Boaz: Well, there are two fundamental things that go on in American understanding of foreign policy, I think. One is generally a lack of interest in running the rest of the world. We have these two big oceans, we don't have to get involved all over the world, and a lot of Americans are perfectly happy not to. We don't speak very many foreign languages, and that kind of plays into, "We don't need to do that." But there's also this Scotch-Irish attitude, that if anyone kicks us, we're gonna kick back. So when you see beheadings, or the attacks on 9/11, or anything like that, you get a very strong push among the American public to hit back. Now the libertarian argument is if you weren't over there in Iraq then ISIS, wouldn't be beheading Americans. So, stay out of conflicts and you won't have to get into further conflicts.
Reason: Do you buy that?
Reason: In a broad sense, but then in a local sense it's not clear, is it? If you're beheading freelance journalists covering the Syrian civil war…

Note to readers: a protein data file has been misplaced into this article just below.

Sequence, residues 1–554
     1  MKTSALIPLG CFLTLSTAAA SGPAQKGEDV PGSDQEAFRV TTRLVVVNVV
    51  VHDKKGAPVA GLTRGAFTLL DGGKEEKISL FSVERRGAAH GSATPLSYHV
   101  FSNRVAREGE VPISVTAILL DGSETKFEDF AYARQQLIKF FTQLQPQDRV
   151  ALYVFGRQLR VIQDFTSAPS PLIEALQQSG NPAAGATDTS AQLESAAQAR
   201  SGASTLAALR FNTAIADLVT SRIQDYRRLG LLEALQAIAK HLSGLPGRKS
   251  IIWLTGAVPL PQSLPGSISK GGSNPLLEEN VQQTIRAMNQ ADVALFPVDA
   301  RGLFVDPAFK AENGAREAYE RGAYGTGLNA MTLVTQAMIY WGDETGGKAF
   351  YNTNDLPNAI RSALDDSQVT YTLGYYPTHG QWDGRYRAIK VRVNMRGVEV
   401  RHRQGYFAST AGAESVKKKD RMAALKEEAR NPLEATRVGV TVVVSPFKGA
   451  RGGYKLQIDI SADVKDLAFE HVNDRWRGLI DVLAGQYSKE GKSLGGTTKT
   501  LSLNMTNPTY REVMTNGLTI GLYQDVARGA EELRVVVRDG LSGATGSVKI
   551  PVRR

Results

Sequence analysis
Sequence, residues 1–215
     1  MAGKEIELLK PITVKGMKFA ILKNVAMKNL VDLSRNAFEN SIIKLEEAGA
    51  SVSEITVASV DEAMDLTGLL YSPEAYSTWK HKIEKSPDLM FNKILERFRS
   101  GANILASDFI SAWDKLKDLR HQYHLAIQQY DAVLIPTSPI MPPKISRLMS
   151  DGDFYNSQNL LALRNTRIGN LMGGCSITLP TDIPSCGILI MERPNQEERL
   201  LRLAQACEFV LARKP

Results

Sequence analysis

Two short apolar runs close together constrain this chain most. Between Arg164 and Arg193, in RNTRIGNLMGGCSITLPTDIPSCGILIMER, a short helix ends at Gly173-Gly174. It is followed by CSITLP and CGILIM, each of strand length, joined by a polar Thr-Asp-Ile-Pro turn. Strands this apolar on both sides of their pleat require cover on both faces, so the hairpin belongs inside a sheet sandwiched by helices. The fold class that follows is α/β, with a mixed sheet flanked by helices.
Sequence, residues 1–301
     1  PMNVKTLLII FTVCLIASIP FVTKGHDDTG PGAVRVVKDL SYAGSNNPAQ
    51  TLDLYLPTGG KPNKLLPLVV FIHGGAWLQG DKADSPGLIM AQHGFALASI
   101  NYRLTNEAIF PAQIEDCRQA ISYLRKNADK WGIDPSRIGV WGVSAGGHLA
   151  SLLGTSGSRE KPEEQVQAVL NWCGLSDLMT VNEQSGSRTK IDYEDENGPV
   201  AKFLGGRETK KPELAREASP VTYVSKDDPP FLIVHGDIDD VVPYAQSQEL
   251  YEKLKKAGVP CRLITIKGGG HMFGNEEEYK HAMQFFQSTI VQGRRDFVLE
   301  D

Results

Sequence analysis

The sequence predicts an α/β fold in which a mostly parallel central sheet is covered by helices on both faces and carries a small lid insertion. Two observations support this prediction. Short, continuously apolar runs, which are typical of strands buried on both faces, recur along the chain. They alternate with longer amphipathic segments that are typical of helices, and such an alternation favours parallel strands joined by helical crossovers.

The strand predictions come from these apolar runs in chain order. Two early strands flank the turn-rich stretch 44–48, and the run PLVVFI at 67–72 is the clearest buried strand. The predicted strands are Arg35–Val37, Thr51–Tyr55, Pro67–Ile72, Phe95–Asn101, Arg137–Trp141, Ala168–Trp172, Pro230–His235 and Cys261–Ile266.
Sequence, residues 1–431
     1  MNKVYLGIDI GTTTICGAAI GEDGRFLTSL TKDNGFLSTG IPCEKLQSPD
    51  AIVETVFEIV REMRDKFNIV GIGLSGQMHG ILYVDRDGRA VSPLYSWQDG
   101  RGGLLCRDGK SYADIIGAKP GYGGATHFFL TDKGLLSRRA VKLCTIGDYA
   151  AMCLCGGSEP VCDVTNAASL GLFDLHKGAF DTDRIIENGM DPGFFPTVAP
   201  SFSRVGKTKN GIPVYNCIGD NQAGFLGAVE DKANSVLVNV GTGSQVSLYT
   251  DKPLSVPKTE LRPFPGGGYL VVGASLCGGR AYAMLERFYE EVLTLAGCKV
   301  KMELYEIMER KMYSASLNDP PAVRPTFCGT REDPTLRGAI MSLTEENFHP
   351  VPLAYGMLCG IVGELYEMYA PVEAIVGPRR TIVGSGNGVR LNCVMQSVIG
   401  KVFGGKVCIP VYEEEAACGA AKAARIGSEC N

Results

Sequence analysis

Boaz: Yes, that's right, but most of what goes on in the Middle East, in the first place, there wouldn't be a broken Iraq if there was no Iraq war and there might not be a Syrian civil war. And maybe it's a good thing that people want to get rid of Assad, but it wouldn't be drawing us in. So no, I don't think it would be the same thing. If we didn't already have war there, there wouldn't be the same desire to go in and fight there with respect to libertarianism, but it does come up against this: we hit back when someone hits us.
Reason: Part of the pushback [against non-interventionism] is that there is also a military-industrial complex, which Eisenhower famously named and warned against. People all over Washington and in the country get a lot of defense dollars. They don't really care about being overseas, they just care about the $500 or $600 billion a year in the baseline defense budget. They want to make sure it oesn't get cut, and in fact grows.